Cooper Discoverer A/T3 Tires keeping pulling to the right

I recently purchased a set of Cooper P285/70R17 117T, Discoverer A/T3 tires from a locally trusted tire shop for my 2011 RAM Outdoorsman (4-wheel drive). They replaced a set of Goodyear Wrangler LT275/70OR 17C OWL ATs. The truck was not pulling to the right until after the Cooper tires were put on it I have taken it back to the tire shop FOUR times. The first time they replaced the two front tires. After the second and third time they said they adjusted the alignment. It seems to ride well for 20 or so miles before it starts pulling to the right again. About two weeks I took it back to them and they said they were “researching” the matter to determine if there is a problem with the tires. I have not heard anything. I am at wits end! Any advice out there?

How many miles on the RAM? You might have worn suspension parts. Do you off road with it? That will put more stress on the suspension than road driving.

Has anybody tried simply switching the right front and left front tires? If it still pulls to right it can’t be the tires. If it now pulls to the left it pretty much has to be the tires.

I have 54,000 miles on the RAM. No I do not take it off road. It has been babied. The tire shop has switched the tires and also replaced the tires.

I wonder if the old tires may have had a wear pattern such that your truck didn’t exhibit this tendency to pull to the right. The truck may be out of alignment just enough that this problem showed up with the new tires. You may want to get a second opinion at an independent alignment shop.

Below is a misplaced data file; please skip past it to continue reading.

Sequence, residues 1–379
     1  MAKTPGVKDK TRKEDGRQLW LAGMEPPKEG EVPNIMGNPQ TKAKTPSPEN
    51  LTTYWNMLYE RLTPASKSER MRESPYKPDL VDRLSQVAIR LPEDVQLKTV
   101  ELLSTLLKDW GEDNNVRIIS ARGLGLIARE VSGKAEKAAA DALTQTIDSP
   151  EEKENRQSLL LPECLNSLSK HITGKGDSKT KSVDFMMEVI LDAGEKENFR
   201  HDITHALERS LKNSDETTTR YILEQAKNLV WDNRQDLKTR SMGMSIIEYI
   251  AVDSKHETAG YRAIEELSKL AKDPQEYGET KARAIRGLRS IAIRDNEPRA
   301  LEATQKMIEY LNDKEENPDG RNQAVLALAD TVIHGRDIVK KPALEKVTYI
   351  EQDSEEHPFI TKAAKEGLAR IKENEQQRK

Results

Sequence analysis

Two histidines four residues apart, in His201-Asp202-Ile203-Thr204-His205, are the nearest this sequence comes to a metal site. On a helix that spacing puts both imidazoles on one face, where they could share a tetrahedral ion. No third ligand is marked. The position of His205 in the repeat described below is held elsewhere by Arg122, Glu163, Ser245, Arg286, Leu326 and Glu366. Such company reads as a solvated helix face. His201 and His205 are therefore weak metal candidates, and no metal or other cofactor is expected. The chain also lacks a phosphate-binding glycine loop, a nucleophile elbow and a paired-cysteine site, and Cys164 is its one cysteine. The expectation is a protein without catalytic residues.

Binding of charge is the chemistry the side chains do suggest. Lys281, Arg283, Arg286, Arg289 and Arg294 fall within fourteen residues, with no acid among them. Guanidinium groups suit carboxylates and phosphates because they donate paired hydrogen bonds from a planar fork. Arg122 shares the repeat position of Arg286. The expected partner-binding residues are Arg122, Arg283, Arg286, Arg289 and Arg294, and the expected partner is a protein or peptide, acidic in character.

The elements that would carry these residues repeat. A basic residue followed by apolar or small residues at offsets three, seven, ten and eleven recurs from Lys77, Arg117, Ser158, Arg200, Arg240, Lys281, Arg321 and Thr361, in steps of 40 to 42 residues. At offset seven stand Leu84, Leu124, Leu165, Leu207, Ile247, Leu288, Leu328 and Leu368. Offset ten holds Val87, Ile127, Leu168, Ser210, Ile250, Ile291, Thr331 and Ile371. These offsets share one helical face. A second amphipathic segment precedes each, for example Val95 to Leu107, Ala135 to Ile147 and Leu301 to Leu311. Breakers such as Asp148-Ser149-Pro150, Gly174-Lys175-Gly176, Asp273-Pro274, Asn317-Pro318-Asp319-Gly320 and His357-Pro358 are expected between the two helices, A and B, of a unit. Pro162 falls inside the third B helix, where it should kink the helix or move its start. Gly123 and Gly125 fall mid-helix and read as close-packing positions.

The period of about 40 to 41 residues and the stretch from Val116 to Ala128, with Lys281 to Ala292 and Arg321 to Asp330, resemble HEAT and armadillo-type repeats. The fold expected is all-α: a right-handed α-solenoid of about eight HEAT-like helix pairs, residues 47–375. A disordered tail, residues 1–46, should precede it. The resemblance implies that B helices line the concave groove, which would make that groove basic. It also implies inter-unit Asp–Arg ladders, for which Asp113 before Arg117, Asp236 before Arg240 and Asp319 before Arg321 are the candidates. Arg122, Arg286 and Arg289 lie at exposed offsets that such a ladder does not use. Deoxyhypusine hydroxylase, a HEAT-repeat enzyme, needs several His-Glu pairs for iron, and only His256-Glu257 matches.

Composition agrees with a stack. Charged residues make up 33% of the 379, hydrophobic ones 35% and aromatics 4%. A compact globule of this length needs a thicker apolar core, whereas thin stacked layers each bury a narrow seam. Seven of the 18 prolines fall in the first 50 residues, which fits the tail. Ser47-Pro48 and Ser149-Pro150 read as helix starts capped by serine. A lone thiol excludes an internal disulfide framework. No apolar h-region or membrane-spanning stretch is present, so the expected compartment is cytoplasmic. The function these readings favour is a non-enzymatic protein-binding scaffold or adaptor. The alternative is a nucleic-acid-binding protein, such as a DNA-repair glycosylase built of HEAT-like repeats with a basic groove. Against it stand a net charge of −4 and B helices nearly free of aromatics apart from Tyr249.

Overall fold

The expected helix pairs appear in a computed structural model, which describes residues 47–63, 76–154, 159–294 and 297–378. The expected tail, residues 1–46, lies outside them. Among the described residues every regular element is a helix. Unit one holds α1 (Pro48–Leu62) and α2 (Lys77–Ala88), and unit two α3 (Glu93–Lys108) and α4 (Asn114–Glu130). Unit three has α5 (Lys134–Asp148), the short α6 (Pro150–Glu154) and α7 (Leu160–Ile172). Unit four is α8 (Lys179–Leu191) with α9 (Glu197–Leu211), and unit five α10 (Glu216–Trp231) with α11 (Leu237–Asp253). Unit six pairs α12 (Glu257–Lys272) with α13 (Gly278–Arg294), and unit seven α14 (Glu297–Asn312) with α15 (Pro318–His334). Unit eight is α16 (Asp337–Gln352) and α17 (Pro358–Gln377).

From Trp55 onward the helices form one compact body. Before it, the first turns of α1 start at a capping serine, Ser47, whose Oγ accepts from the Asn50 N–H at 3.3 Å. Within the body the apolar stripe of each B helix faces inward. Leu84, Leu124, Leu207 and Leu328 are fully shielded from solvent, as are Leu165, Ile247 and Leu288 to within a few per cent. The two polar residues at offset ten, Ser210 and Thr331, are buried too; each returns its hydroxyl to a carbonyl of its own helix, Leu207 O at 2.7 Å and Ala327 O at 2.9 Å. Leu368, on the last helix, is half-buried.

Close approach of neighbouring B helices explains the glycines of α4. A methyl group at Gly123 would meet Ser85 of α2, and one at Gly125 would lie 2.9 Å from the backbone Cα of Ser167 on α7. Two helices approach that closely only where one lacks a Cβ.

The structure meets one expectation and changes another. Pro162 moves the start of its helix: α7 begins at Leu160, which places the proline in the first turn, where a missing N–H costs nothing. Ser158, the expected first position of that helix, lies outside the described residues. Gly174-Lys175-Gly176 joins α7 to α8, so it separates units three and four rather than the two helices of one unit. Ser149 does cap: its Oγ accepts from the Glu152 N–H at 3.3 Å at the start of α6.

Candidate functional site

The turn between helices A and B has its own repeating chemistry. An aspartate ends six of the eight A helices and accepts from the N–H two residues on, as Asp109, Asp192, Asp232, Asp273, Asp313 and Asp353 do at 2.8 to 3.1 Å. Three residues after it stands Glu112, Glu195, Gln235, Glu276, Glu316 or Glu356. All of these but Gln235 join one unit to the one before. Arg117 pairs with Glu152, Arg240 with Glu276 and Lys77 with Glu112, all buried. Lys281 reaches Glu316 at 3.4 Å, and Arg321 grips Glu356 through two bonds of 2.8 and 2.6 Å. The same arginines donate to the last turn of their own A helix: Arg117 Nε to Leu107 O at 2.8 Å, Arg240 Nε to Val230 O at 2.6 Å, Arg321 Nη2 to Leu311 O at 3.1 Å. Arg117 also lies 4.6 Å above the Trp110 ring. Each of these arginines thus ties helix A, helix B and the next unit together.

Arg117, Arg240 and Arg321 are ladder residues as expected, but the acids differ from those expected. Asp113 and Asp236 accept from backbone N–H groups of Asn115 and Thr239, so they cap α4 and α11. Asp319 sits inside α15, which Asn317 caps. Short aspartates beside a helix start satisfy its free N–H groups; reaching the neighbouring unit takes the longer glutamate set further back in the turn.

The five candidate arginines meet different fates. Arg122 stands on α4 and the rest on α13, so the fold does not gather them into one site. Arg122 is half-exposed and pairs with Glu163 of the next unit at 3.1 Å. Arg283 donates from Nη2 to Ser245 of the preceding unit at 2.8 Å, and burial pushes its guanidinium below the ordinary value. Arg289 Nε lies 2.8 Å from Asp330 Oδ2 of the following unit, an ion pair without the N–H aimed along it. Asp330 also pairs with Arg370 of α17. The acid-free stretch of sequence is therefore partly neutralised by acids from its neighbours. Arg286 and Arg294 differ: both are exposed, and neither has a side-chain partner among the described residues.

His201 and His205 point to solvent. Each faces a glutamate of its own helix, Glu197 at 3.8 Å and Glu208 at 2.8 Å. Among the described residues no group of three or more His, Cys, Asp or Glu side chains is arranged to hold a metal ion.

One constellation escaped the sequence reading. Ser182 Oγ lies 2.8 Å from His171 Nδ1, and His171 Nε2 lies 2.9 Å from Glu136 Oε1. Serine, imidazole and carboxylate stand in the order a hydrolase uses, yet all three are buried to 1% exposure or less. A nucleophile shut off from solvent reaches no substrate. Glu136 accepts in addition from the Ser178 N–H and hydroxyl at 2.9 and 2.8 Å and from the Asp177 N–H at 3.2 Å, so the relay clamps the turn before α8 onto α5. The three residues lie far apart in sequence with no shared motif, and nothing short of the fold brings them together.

I agree with MY 2 Cents, try switching the two front tires side to side. I have had good luck fixing right pulls on a 1993 Caprice and a 2000 S10 Blazer with this technique as a last resort after alignments and tire rotations.

Ed B.

I would pay for another alignment at another shop. An alignment is as only as good as the tech doing it and the equipment he’s using. Also, have them check over the front end for any worn or damaged parts.

This is very important! Did you have the shop do an alignment when you first bought the tires?

No. They did not do an alignment when I bought the tires. They said I did not need it.

Measure the circumference of all the tires. The problem could be in the rear and they are just looking in the wrong place.

The fact that this occurs after 20 miles gives me another thought, maybe you have a brake that is dragging, possibly a sticking caliper. The drag would increase after a few miles and the pulling would be more noticeable.

Try switching the rear wheels side to side too. A rear tire with an internal problem causing anomalous rolling resistance could cause pulling too, and an internal problem could manifest itself more emphatically after the tire has been driven on if the problem is generating internal heat as it rolls.

Post back with the results.

Re: Keith’s comment on a dragging brake, this is a good possibility and could easily be found by simply checking the temperature of each disc (or center of the wheel) using an infrared thermometer or by CAREFULLY (it can get pretty hot) touching each wheel… if one is much hotter than its opposite wheel, that’s a good clue that you might have a dragging pad.

If it was the tires, it seems like if you switched all four, so the two on the right were now on the left, and visa versa, that if the tires were the problem, after the switch it would then pull to the left. Does it? Or does the truck continue to pull to the right after the switch?

Does the pull to the right occur mostly when braking? If so an old and experienced front end man might look closely at the trailing arm on the right lower control arm. If the bushings on that control arm are weak the control arm will be allowed to shift rearward, especially when braking, and result in that wheel moving to a negative camber and pulling even though when resting on the alignement rack it is within specification.